The transport means 11 is shown, for example, comprising a series of rotatably mounted transverse rods 17 which extend between longitudinal frame wall portions 13 and 14. While not shown, it is understood that any suitable mounting means which permits rotation of the rods 17 can be employed to maintain one end of each rod 17 in position on frame wall portion 13. In the embodiment shown, each rod 17 is shown supported, at its opposite end, with a bearing member 18 which is disposed within frame wall portion 14. The rods 17 extend throughout the frame wall 14 and are each ultimately connected to a bevel gear 20. The bevel gear 20 is fixedly mounted on the rod 17, and has a chamfered peripheral portion 21 with teeth 22. The rods 17 are rotated in unison with any suitable drive means, such as that 23, to permit transport of articles through the apparatus 10. The drive means 23, for example, may comprise a drive shaft 25, such as that shown supported along the frame wall 14 with mounting blocks 26, which may each contain a bushing 27 through which the shaft 25 extends. Bevel gears 28 are provided along the shaft 25 at spaced apart intervals and at right angles to the gears 20 carried on the rods 17. The shaft gears 28 are in meshed engagement with rod gears 20 and provide rotation of the rods when the shaft 25 is rotated (generally in the direction of arrow "c", FIG. 1) by any suitable drive means, such as, for example, a motor (not shown). Alternately, any other drive may be provided for the rods 17.
The transport means 11 comprises a plurality of rotation members 31 which are carried on the transport rods 17 and rotate along with the rods 17. The rotation members 31 are preferably provided in spaced apart relation from one another along the length of the rods 17, and are fixedly secured to the rods 17 with any suitable attachment means, not shown. The rotation members 31 of one rod 17 are provided either in line with one another from rod to rod as shown or they may be in staggered relation to the rotation members 31 of an adjacent rod 17 (not shown).
Referring to FIG. 2, the rotation members 31 are driven to rotate in the direction of arrow "b" and contact the surface of an article, such as, for example, the circuit board 24. The driving of the rotation members 31 moves the board 24 along the path of travel through the apparatus 10. The board 24 thereby undergoes a chemical treatment step as it is moved through the apparatus 10.
The rotation members 31 are shown in detail in FIGS. 3-6. A rotation member 31 is shown having a mounting means, such as the hub 32, which, as seen in FIG. 6, facilitates attachment of the rotation member 31 to a rod 17. Extending from the hub 32 is a plurality of rim support members 33. The support members 33 are shown extending radially outwardly from the hub 32 in a direction perpendicular to the hub axis. It will be understood that, while not shown, the support members 33 may be provided to extend outwardly from the hub 32 in other directions, such as, for example, in angular directions relative to said hub axis, or in any combination of directions, where some support members are perpendicularly extended and others are angularly extended.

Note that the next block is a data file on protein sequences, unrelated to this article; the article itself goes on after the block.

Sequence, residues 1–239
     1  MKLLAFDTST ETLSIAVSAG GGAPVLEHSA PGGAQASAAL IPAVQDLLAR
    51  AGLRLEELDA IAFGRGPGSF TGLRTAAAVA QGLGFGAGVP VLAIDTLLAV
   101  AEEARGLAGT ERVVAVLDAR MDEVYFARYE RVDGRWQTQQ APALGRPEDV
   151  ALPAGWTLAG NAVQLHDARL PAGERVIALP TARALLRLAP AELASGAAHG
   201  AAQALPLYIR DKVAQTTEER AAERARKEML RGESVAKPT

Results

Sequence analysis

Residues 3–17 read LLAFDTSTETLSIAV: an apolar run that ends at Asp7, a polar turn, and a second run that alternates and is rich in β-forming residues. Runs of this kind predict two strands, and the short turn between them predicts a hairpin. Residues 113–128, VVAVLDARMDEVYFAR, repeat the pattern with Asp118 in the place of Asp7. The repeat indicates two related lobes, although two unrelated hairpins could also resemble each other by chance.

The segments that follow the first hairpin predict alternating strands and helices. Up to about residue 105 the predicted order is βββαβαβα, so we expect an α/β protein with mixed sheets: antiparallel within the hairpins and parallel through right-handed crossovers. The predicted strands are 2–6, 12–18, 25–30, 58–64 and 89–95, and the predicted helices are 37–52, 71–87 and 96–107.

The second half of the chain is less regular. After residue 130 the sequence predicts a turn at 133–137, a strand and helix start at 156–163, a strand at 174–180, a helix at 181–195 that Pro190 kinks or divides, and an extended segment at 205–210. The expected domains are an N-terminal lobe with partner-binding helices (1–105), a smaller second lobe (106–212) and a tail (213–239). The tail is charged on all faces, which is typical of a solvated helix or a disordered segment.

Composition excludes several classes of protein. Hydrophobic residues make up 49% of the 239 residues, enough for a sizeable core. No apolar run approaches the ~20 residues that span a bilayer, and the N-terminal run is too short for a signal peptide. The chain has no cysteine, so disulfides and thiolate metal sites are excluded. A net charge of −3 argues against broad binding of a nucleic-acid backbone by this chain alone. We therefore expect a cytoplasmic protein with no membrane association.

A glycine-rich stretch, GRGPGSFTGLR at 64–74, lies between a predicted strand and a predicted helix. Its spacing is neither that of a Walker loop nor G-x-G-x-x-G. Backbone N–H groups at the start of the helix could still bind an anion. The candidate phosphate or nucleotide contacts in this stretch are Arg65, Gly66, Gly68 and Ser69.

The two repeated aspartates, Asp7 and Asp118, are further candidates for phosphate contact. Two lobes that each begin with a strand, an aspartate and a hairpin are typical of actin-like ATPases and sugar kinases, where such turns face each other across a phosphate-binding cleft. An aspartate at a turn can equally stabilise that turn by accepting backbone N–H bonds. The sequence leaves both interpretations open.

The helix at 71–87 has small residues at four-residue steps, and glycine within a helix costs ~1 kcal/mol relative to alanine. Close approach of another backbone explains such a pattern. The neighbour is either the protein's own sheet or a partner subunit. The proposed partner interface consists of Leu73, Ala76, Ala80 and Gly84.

The rotation member 31 is further provided with an article contacting portion, such as the rim 34. The support members 33 are spaced apart from one another to support the rim 34. As seen in FIGS. 2 and 6, the rim 34 which is connected to the support members 33, contacts an article 24 and moves the article 24 through the apparatus 10, as the rods 17 carrying the rotation members 31 are rotatably driven. The rim 34 is provided to support an article 24, as the article 24, which may become weighted down with accumulated treatment fluid, is being processed. The rim 34 of the rotation member 31, while continuing to support an article 24, moves the article 24 through the apparatus 10.
Referring to FIGS. 3 and 4, the rim 34 is shown having a sinuous configuration. The rim extends laterally on opposite sides of the support members 33 and supports an article 24 across a zone "z" of the article (FIGS. 6 and 7). While the article 24 is continuously supported on the rim 34 of a rotation member 31 as it is moved along a path of travel through the treatment apparatus 10 by the rotation member 31, the article 24 is not completely contacted along an entire zone of contact "z", but rather only at locations within the zone "z". The rim 34 therefore may make continuous contact with the article 24, but preferably, as shown in FIG. 7, travels through a non-linear path of contact 36 across a board surface 24a. The support of an article 24 traveling on the transport conveyor 11 is thereby increased without compromising the availability of the article's surface 24a to a treatment being delivered thereto. This enables increased lateral support of an article 24 to counteract heavy forces exerted on the article 24 from liquid treatment buildup, while, at the same time, providing accessibility of treatment delivery to an article surface 24a. The overall length of the rim 34 is preferably provided to be considerably larger in length than the theoretical length of a circumference measured about the support members 33 shown in FIG. 5. This increases the surface area of the transport means 11 which supports an article 24, and at the same time increases the zone of contact "z" over which support of an article 24 is maintained through contact of an article surface 24a at points and areas within the zone "z".